In concluding that the Board is authorized to promulgate rules designed to prevent segregation, the appellate courts> relied on the recent opinion in Coates v. Illinois State Board of Education (7th Cir. 1977), 559 F.2d 445. In Coates, the court noted that the Board has the duty "[t]o supervise all the public schools in the State" (Ill. Rev. Stat. 1977, ch. 122, par. 2-3.3) and "[t]o make rules necessary to carry into efficient and uniform effect all laws for establishing and maintaining free schools in the State" (Ill. Rev. Stat. 1977, ch. 122, par. 2-3.6). Having determined that the Armstrong Act is such a law, the court concluded that the Superintendent may issue regulations designed to effectuate its policy. For the following reasons, we decline to adopt the reasoning expressed in Coates.
Initially, we note that our State constitution provides for free education through the secondary level. Additionally, "[t]here may be such other free education as the General Assembly provides by law." (Ill. Const. 1970, art. X, sec. 1.) It is clear that the term "free" is used in a monetary sense and imposes upon the public the burden of financing education. In turn, pursuant to section 2-3.6 of the School Code, the legislature delegated to the Board the duty to promulgate rules for establishing and maintaining free schools. (Ill. Rev. Stat. 1977, ch. 122, par. 2-3.6.) Particularly in light of the quoted constitutional provision, there is every reason to assume that the legislature intended the word "free" to mean financially free. We find no indication that the term was meant to encompass racial equality. Consequently, we do not perceive the Armstrong Act as a law for establishing and maintaining free schools in the State.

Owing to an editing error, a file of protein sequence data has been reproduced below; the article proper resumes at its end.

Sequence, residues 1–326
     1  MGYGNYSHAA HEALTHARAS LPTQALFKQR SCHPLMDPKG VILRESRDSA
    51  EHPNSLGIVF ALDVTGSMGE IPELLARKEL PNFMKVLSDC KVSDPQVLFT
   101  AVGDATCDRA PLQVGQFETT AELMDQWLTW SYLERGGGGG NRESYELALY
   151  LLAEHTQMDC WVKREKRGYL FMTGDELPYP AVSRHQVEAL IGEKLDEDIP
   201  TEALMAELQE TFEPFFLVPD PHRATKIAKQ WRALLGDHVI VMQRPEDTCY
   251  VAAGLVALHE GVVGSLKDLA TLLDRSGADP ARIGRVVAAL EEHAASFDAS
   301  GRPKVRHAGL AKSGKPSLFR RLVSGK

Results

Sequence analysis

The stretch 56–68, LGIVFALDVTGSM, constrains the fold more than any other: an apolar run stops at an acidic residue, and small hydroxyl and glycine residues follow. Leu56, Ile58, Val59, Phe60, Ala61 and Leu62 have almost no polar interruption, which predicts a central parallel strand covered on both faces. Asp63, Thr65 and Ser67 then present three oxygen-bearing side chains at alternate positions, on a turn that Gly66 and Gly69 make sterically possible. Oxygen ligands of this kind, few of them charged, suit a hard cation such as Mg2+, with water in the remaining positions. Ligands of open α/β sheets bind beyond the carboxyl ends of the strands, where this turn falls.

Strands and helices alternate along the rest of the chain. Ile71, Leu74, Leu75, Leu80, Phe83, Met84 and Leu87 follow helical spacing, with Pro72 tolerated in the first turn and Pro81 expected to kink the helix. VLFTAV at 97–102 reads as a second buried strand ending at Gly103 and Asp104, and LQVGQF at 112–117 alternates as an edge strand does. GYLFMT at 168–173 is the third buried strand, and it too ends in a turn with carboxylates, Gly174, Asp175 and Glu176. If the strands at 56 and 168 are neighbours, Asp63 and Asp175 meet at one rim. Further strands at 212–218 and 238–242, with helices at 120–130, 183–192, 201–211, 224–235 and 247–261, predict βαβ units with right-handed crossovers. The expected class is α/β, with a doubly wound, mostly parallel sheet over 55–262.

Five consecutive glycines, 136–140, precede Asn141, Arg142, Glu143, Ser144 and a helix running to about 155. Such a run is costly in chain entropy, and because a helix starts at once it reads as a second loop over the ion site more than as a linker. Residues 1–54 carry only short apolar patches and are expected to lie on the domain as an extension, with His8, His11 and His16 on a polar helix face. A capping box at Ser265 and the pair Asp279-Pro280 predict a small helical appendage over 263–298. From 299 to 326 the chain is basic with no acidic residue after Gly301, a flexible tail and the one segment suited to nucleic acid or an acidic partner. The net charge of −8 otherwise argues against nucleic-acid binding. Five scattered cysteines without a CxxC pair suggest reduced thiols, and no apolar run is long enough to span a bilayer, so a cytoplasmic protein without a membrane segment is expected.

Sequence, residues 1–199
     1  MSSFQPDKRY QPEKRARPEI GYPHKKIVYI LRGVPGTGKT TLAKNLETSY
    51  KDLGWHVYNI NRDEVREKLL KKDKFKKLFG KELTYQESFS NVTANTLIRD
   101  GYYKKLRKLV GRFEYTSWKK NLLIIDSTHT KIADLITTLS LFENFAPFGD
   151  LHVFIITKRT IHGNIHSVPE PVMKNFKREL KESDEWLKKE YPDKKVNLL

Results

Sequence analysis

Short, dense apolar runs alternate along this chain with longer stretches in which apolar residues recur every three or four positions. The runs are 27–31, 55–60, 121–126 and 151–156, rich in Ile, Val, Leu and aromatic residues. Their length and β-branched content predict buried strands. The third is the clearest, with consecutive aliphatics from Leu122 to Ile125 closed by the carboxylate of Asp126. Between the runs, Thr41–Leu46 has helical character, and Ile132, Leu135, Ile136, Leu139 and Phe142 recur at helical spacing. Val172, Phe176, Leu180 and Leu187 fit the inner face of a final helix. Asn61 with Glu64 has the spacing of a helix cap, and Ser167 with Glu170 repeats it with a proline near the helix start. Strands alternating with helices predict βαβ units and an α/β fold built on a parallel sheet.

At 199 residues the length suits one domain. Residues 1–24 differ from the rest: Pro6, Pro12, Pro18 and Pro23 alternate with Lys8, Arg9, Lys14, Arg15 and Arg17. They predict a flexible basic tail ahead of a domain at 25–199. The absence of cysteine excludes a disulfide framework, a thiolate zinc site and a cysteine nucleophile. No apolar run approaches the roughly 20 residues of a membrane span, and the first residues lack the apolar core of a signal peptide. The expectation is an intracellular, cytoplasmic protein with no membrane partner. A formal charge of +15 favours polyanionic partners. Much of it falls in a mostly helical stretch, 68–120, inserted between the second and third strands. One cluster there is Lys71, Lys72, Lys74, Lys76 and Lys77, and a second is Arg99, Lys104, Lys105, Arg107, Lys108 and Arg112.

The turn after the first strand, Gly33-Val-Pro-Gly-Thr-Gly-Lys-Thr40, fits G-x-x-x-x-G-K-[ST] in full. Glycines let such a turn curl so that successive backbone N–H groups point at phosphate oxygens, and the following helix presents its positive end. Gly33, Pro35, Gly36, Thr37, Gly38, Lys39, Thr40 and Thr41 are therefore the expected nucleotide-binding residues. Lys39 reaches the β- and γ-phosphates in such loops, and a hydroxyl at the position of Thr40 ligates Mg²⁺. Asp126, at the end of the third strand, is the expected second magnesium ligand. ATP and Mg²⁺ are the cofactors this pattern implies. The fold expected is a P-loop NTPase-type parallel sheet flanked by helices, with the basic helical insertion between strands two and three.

Although not raised by defendants as an issue, they refer in two footnotes to article X, section 2(a), of the 1970 Illinois Constitution. This provision states in part:
"The Board, except as limited by law, may establish goals, determine policies, provide for planning and evaluating education programs and recommend financing. The Board shall have such other duties and powers as provided by law." (Emphasis added.) Ill. Const. 1970, art. X, sec. 2(a).
Even assuming that this section would ordinarily authorize the Board to promulgate the Rules, that authority has been limited by the General Assembly. The Moore Amendment, enacted subsequent to our 1970 constitution, places a clear limit on the Board's power regarding segregation and busing. As later discussed, prior to the enactment of the Moore Amendment, section 10-22.5 authorized local boards "[t]o assign pupils to the several schools in the district; to admit non-resident pupils when it can be done without prejudice to the rights of resident pupils and provide them with any services of the school including transportation; to fix the rates of tuition in accordance with Section 10-20.12a, and to collect and pay the same to the treasurer for the use of the district; but no pupil shall be excluded from or segregated in any such school on account of his color, race, sex or nationality." (Emphasis added.) (Ill. Rev. Stat. 1977, ch. 122, par. 10-22.5.) This provision placed the duty to prevent segregation squarely in the hands of the local boards. In passing the Moore Amendment, the legislature emphasized that methods of achieving desegregation are policy decisions to be made by the school districts.